Make sweet music
Pencil shavings make for cheap circuits
A designer chooses an unlikely material as the basis for his newest audio project: slime
Unlock the mystery of the pencil by turning out a few of your own.
Graphite is experimental gold
Diamonds are for, well, a couple seconds
A conductive-ink gift for your sweetheart
Give them as a DIY gift
Your DIY questions, answered
Tired of waiting for our fuel of the future to come of age? Grab a cup of water and a 9-volt, and read on.
For 150 years scientists believed that stable magnetic levitation was impossible. Then Roy Harrigan came along.
The author creates an ornament—using his barbecue
Learn how to weild a plasma cutter like a pro and you can slice through steel like butter
One of ten brilliant innovations from our 2015 Invention Awards
With a new book that brings tech-savvy to the fashion set, designer Diana Eng takes another step in her quest to unite science and style
Live like a Terminator; replace your fingerprint with an iButton
And become a human circuit board
The breeze spins the turntable
University of Warwick researchers have developed a new material that is conductive, piezoresistant, and printable in the latest generation of consumer 3-D printers.
Thermite powder yields pure, white-hot iron when lit. Don't try this one at home.
There are many ways to melt metal, but an arc furnace can liquefy almost anything you put in it, using only electricity.
Make your own resistors with paper and pencil
In honor of National Pie Day, why don't you try one of these fun crafts from the Popular Science archives? Use a pie tin to make a jet engine, a telescope, or a lovely chandelier.
Cast your own bogus bullion.
In honor of Pi Day, why don't you try one of these fun crafts from the Popular Science archives? Use a pie tin to make a jet engine, a telescope, or a lovely chandelier.
The art of shrinking coins using copper coils, magnetic fields and enough energy to power a small city.
Charge your gadgets with a piece of fruit and some pocket change
Using electrochemical machining, steel can be molded with a soft, cheap piece of tin without any physical contact
An insole restores communication between the brain and injured feet
Build a robot that plays Angry Birds for you
Our ninth annual celebration of independent inventors
Columnist Chris Hackett prepares for life after the apocalypse
Fight the cold.
For all the nerdy sweeties out there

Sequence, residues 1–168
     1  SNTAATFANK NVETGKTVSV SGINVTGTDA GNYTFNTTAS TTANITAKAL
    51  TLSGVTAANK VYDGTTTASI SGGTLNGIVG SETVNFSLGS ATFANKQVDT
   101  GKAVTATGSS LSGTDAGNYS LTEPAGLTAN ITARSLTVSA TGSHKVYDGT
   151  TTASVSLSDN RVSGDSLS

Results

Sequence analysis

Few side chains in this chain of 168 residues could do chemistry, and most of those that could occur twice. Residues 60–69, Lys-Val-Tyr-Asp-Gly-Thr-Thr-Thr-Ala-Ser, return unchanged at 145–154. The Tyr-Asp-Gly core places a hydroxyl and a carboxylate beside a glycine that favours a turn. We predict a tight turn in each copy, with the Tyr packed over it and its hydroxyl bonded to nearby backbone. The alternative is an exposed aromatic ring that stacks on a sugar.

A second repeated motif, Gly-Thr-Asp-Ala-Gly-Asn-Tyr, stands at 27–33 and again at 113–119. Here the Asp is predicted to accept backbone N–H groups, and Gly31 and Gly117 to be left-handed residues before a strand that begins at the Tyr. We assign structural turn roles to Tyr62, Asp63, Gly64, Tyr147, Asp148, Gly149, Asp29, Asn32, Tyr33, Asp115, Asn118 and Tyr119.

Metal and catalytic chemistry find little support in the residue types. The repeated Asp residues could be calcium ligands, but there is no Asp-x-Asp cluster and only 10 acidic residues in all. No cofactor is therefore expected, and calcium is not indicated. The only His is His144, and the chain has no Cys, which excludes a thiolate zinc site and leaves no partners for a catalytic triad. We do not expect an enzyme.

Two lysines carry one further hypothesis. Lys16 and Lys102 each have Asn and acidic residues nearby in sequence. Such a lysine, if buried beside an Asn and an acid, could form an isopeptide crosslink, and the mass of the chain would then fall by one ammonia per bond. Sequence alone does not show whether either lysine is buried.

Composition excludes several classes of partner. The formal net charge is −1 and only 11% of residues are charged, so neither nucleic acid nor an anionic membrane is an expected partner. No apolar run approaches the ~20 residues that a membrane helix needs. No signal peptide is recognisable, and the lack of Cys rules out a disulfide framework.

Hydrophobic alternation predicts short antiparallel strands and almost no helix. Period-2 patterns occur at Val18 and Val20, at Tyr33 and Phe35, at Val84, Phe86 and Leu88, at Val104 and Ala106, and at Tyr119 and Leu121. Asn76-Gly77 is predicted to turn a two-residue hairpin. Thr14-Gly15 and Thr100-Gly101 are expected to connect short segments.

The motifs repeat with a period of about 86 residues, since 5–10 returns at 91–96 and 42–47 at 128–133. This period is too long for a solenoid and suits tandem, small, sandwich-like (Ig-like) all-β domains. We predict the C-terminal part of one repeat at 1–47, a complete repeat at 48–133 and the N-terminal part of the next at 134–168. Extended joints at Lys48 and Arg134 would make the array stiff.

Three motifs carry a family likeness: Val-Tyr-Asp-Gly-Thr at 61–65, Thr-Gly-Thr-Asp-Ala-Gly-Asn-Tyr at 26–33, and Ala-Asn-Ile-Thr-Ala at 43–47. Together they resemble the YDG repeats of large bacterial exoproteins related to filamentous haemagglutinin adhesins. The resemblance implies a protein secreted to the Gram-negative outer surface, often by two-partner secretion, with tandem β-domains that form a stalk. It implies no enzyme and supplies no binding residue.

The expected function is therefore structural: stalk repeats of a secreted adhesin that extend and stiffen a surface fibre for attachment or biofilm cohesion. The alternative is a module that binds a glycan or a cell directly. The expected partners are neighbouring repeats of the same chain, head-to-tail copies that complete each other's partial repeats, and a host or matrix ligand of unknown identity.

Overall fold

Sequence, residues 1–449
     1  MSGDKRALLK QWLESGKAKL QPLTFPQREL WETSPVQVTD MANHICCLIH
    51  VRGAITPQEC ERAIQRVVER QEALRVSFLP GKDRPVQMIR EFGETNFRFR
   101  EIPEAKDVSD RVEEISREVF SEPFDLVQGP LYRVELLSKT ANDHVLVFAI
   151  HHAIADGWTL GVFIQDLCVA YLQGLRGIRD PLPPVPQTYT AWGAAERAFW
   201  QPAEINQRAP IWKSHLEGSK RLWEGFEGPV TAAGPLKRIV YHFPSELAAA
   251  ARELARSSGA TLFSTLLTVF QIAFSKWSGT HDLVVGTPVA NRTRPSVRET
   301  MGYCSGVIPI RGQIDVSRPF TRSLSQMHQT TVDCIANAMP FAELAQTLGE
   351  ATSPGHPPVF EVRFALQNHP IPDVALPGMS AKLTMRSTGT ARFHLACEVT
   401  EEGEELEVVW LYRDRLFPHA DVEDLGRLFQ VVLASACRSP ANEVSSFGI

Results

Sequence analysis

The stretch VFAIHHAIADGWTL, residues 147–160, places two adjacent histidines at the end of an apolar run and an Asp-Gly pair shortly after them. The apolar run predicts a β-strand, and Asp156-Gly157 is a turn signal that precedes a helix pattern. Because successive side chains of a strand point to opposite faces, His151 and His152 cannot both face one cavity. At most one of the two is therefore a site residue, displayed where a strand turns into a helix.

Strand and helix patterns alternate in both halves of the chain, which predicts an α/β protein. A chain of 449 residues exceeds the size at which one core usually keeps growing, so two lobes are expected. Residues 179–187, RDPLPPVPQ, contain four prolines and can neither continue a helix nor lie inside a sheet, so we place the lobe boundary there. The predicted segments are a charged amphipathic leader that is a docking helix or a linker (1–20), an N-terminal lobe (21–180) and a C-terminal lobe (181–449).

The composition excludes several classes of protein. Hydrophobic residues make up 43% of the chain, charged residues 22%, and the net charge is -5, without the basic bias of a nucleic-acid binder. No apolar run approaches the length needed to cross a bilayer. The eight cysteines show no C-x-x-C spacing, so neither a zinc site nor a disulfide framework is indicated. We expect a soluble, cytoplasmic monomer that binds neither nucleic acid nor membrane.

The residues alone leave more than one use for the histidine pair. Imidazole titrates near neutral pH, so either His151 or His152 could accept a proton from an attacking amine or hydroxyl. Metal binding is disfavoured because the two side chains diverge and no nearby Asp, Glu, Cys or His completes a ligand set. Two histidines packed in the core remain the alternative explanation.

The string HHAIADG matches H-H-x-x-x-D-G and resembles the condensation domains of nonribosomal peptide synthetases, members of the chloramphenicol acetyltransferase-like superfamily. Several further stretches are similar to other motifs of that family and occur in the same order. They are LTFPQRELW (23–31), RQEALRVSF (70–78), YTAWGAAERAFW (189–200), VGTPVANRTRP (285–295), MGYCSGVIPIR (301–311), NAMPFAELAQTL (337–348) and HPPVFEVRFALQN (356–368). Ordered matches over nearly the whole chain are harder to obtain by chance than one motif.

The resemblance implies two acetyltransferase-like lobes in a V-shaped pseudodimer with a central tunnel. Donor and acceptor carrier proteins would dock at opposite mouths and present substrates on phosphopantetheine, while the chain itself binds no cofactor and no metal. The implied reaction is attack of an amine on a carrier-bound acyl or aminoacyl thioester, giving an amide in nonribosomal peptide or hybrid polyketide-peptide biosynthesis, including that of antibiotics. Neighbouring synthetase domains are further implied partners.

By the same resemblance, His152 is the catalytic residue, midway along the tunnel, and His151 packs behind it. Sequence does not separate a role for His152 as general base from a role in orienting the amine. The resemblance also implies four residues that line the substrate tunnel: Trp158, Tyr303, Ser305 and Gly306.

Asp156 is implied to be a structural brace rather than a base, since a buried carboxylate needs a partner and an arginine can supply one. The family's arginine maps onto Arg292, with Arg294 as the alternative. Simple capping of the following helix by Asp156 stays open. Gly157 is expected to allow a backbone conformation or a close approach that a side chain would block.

Head's YouTek Graphene Speed Pro is one of the first racquets to deliver both crushing power and precise control.
Just ask this poor pencil
Our August 1991 cover story, in honor of Harry Kroto's passing
The early solar system was a wild, world-destroying place.
Efficient space-born recipe requires no metal
It could be great for desalinating water and other applications.
Q-carbon is a girl's new best friend
Scientists invent super-smooth, super-small pipes that could ferry medicine into the body
Hockey: Just the Facts
New research says the planet has no water and is made primarily of carbon. It also shows that planets can be more complex to study than stars.
This weekend, Tony Kanaan wears something no driver has ever worn before
Is that a circuit in your pocket, or are you just really into my conductive threads?
Scientists in Japan have created a new material that can be shaped into complex, conductive 3-D structures. Get ready for your custom brain electrodes.
Nanowires could be used in small powerful devices
Kirigami is changing the way we design materials
A unique material found only in our friend the shark
The nation's most toxic nuke dump hopes to melt away its cleanup woes
In the escalating arms race between battery power and consumption, The Cells are losing to The Gadgetsâ€”Big time. Question is, can the chemists catch up to the engineers?
An assortment of green burial options, from high-concept to just-plain-gross, are becoming a reality for the environmentally conscious
Six Generation III+ reactors set for the U.S.
The untapped potential of the 'world's strongest material' may not remain untapped for long.
We need tiny spaceships. Lots of 'em.
First mightier than the sword, now mightier than the laser
Expanding the ways people connect with the digital landscape
A plastic skin impregnated with printed sensors could be wrapped around an airplane wing, for instance
Stretchable electronics and smart tattoos give human skin an upgrade from the future
'Project Jacquard' brings simple, powerful tech to textiles
The pigment could coat electronic implants.
iGlassware senses when it's almost empty and signals for a refill.
Researchers develop nanotubes that can help circuits repair critical breaks
Abominable snowmen, sea serpents and dragons, oh my!
A robotic researcher creates predicting robots that position themselves underfoot for your next step
Add graphene to get detectors that can measure breathing, blood pressure—and spider footsteps
Scientists have developed a fabric that generates electricity when stretched—and works better wet.
Two scientists have developed a device that captures the electrical charge from falling snow.
New tech takes light new places.
Shrinking chips and other new technologies are spreading computer power all over the body and then out to the network.
To most, it's just a printer. But to tissue engineers, rocket scientists and architects, the good old inkjet is the secret to grand innovation
$200 shirts could help avert pitcher injuries costing $54 million in lost salaries